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Impressions of Kenya

Kenya is understandably one of the most touristy countries in Africa. Indeed, nothing equals the view of whole herds of elephant in Amboseli NP approaching their habitual watering hole from the hazy early morning horizon, or a lion family and a solitary cheetah or leopard in Masai Mara lazily digesting their copious night catch. And the Indian Ocean beaches are as idyllic as can be, with tall palm trees casting their wavy shadows over the blindingly white sand, which gently fuses into the turquoise water line.

But there is also another Kenya, a rougher and much harsher one. The Kenya where visitors are themselves more or less curiosities, the land of the rugged stone desert of Chalbi in the North, the baking hot shores of crocodile infested Lake Turkana, where the sheer subsistence of a colourful multitude of proud, self-conscious tribes is in itself a miracle. Kenya has many faces, and we humbly tried to get acquainted with several of them.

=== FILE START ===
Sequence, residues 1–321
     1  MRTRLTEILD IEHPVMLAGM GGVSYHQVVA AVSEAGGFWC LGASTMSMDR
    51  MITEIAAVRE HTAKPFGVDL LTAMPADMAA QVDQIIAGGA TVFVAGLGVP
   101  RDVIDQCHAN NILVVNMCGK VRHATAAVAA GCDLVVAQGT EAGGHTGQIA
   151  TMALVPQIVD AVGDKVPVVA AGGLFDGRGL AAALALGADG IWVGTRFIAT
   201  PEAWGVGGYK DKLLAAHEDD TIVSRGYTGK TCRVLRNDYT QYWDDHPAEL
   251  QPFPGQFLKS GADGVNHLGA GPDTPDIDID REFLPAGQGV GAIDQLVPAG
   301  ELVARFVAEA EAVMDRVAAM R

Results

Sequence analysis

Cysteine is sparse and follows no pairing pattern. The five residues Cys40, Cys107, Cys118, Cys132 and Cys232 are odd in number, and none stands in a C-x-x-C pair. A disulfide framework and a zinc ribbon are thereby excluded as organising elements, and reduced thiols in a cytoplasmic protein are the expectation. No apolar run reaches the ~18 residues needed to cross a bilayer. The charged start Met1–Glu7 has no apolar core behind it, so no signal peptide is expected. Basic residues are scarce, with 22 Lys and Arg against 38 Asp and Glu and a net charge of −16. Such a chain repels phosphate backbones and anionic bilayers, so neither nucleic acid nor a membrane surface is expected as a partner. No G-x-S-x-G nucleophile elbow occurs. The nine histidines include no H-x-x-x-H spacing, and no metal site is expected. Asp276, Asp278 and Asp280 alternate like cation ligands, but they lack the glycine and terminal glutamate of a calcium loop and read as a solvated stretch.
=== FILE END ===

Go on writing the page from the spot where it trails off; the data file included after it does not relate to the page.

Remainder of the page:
Before visiting the place of your choice:

Just across the Equator into the Southern hemisphere and at an elevation of nearly 1,900 metres, Lake Naivasha is situated at the highest spot in Kenyan of the Great Rift Valley. Lake Naivasha is a freshwater deposit, unlike the alkaline lakes Turkana and Bogoria, for instance. It is surrounded by swampy flooding areas, an ideal habitat for plenty of bird species, such as the slightly creepy marabou storks, to the contrary gracious pelicans and large colonies of cormorants. Lake Naivasha also counts sizeable herds of hippopotamus. The mountainous road from Lake Naivasha to Nairobi passes by the Great Rift Escarpment, with gorgeous views over the rift valley.

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